## Balls

Image 1a: Simple Soft Body balls.
Animation
Blend file

A Soft Body ball is best created from an IcoSphere, because an IcoSphere has evenly spaced vertices and is composed of triangles.

• Insert the standard IcoSphere mesh object.
• Move it a few units in a positive Z direction (upwards).
• Activate Soft Body.
• The ball is pretty light, every vertex weighs 0.001kg, so the total object weight is 0.042kg.
• Turn off Goal. We want the ball to be moving freely and reacting only to external forces.
• Set both Push and Pull to 0.8. Edges tend to be stiffer when they are being pushed together or pulled apart.
• Set Be(nd) to 0.8. This introduces additional virtual connections between the vertices in the object which restricts the amount of bend (see Interior forces). If you want a harder ball increase Be.
• Activate Collision in the Collision panel. This is not necessary for the ball to collide with other objects, but it is necessary so that other Soft Bodies can collide with the ball.
• Insert a plane and activate Collision on it.
• Ensure that you are at frame 1 of the animation and press AltA.

Now the ball will move in a negative z direction (fall downwards). When it hits the plane it should be repelled.

 Image 1b: Settings for the Soft Body balls.

## Flag in the wind

Image 2a: Soft Body flag in the wind.
Animation
Blend file

This example shows how you can create a simple flag moving in wind (Image 2a). The steps are:

1. Create the Flag as a mesh.
2. Assign Weights to a Vertex Group.
3. Designate the flag as a Softbody.

Let’s start:

• Remove the cube and save your file.
• Rotate it by 90° along the X axis (R-X-90).
• Scale it by a factor of 2 in the X-direction.
• Subdivide the plane 4 times. This creates a lot of vertices, but you need that to create nice, smooth movement.
• Add a SubSurf modifier. Unfortunately the simulation will not use the virtual vertices that are created by this modifier (at least not in this version of Blender), but it will make the flag simulation look smoother.
• In the Editing context, Link and Materials panel, press Set Smooth.
Image 2b: Weight paint for the Soft Body flag.

Now we will use weight painting to pin the leading edge of the flag simulating where the flag would be attached to a flagpole (otherwise it will blow away).

• Change to weight paint mode (see Weight Paint).
• Paint the vertex weights as seen in (Image 2b). The corners get a weight of 1. The leading edge of the flag must get a weight close to (but not quite) 1. This is how you go about introducing stiffer zones in a mesh with different weights.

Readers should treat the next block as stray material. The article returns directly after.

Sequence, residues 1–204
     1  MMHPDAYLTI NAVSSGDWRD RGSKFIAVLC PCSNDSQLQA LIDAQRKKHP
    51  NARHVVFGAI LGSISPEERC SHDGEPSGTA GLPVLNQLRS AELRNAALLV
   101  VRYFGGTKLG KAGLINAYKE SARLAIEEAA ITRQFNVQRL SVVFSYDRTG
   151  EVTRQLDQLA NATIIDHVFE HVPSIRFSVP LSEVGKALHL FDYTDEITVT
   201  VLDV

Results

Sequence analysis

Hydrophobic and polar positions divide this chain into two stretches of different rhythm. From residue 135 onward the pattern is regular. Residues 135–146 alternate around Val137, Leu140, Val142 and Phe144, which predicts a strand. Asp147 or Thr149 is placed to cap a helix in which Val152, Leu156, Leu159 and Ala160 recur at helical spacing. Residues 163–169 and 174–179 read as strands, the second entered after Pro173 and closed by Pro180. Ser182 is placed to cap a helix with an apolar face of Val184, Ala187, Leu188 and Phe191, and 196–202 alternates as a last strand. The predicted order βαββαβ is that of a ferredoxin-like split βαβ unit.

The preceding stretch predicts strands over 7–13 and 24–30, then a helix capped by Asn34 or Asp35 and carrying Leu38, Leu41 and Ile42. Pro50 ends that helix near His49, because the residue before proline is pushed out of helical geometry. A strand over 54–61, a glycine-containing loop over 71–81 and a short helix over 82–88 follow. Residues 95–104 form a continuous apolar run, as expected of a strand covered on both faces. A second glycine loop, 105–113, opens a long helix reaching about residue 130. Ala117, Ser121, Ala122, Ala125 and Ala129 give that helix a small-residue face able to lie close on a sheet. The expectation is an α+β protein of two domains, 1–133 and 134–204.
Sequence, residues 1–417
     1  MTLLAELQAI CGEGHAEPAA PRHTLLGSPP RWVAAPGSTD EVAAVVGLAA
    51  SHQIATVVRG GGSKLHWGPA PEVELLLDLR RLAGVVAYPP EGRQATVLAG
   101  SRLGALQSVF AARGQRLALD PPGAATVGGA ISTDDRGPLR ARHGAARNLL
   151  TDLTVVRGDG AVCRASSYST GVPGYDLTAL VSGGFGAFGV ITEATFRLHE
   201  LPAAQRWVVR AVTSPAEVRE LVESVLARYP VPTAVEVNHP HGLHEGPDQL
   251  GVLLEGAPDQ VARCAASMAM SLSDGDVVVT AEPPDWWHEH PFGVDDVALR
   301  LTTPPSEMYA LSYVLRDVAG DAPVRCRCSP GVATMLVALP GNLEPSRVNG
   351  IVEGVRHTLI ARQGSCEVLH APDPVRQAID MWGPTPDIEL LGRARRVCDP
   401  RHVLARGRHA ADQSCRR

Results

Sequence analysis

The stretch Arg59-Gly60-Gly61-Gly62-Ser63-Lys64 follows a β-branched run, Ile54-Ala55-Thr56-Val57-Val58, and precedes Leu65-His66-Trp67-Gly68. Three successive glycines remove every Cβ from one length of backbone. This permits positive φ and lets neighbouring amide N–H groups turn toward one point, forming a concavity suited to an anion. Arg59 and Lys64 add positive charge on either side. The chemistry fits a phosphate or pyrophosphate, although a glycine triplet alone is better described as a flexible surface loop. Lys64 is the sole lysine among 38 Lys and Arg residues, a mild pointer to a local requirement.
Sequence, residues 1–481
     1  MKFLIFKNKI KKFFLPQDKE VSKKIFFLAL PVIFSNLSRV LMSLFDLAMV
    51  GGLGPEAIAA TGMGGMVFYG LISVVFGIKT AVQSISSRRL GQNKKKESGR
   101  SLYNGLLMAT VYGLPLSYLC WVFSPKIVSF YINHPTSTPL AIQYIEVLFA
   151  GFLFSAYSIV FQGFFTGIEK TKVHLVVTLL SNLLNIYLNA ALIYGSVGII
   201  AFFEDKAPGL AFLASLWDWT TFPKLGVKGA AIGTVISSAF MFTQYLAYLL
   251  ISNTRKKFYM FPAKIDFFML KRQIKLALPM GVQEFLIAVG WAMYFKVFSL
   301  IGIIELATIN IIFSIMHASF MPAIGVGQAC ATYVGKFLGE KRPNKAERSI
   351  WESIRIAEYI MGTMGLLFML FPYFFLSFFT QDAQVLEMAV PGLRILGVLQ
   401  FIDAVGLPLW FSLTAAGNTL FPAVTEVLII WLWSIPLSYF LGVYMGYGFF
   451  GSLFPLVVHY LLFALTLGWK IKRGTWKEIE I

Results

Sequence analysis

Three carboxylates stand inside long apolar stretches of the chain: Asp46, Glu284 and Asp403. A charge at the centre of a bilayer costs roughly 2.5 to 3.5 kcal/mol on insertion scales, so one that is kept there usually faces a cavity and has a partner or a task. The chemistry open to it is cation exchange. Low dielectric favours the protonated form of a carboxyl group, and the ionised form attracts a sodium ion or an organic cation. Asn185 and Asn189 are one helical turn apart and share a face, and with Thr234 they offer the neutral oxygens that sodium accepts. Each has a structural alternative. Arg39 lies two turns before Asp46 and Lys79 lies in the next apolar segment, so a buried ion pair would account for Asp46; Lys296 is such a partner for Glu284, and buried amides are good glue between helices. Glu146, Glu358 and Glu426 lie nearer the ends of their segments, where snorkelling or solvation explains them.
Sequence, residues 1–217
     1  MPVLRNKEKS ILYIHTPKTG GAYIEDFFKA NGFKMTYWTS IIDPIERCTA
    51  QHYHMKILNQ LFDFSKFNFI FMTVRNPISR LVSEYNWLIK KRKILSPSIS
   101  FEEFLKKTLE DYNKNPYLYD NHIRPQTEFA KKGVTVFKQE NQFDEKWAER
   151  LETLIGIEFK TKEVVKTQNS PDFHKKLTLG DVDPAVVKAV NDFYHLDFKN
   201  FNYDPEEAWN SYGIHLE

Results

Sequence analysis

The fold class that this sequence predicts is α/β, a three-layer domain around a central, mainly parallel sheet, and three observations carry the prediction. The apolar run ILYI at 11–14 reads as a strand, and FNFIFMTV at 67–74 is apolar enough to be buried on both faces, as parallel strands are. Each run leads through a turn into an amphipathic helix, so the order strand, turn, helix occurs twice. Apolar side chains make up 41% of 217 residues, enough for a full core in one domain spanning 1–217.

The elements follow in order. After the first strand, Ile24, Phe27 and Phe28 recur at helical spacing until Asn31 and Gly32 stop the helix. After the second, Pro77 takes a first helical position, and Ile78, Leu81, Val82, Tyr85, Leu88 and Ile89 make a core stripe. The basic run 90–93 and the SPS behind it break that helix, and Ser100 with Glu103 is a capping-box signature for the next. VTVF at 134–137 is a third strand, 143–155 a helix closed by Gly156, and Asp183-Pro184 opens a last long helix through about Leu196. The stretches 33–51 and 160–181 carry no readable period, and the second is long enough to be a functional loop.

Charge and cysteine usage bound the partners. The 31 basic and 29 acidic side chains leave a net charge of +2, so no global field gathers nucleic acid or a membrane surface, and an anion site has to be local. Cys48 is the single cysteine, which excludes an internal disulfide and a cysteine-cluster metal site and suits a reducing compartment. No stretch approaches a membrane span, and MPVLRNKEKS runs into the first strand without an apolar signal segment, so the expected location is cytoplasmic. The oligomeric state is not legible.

A vertex group called “`Group`” is automatically created in this case.

Image 2c: Soft Body settings for the flag.
• Change to Object mode.
• Activate Soft Body.
• Select the vertex group “`Group`” next to Use Goal. Now vertices with a weight of 1 will not be affected by the simulation, while vertices with a weight of 0 are fully affected by the simulation.
• Set Pull to 0.8, so that the flag is not stretched too much.
• Set Aero to 100, activate N. This will add a bit of random movement to the flag, even without animating the force field.
• Set the end frame for Bake to 500, because we want the simulation to last longer than 250 frames (even if you don’t bake you still have to adjust the end frame).
• Activate Self Collision.
• Now, you can press AltA to see the flag react to gravity and air resistance until it comes to rest.

 [[File:Manual-Part-X-SoftBodyExampleWindSetup.png thumb|320px|Image 2d: Example Wind setup.]] Image 2e: Example Wind Strength IPO.

Now let’s add some wind to the simulation:

• Add an Empty to the scene at the location where we want the wind to blow from. Select Wind from the Fields panel. Set the strength to 0.2.
• Rotate and move the empty so that the Z axis points towards the flag (Image 2d). You can temporarily increase the Strength value so that you can more easily see the effect of wind.

Press AltA to see the flag react to wind.

• Add an IPO curve to simulate changing wind strength. This will add more realism to the animation (Image 2e).

## Interaction

Image 3a: Setup. The green object shall sink into the pink mattress.
Blend file

We’re going to use the Soft Body simulation as a modeling tool in this example. The goal is to place an object on a mattress and let it sink in a bit.

• Activate collision on the object that will be placed on the mattress.
• Activate Soft Body on the mattress. Make sure the Soft Body has enough subdivisions, to that it will deform properly.

We don’t do anything fancy here, so you should stick to the default settings.

• Open a Timeline window.
• In the Playback menu of the Timeline window, select Continue Physics.
• Click on Play Timeline in the window header of the Timeline window.

This is important, don’t use AltA to play the simulation here.

• Select the collision object and move it slowly towards the mattress.

The moment the collision object touches the mattress, the mattress will start deforming on collision.

• Move the collision object until you’re satisfied with the result.

Don’t stop timeline playback!

Image 3b: The result. Soft Body interactive modeling.
• Select the mattress.
• Apply the Soft Body modifier.

This removes the Soft Body modifier and makes the changes permanent.

• Now you can stop the animation playback!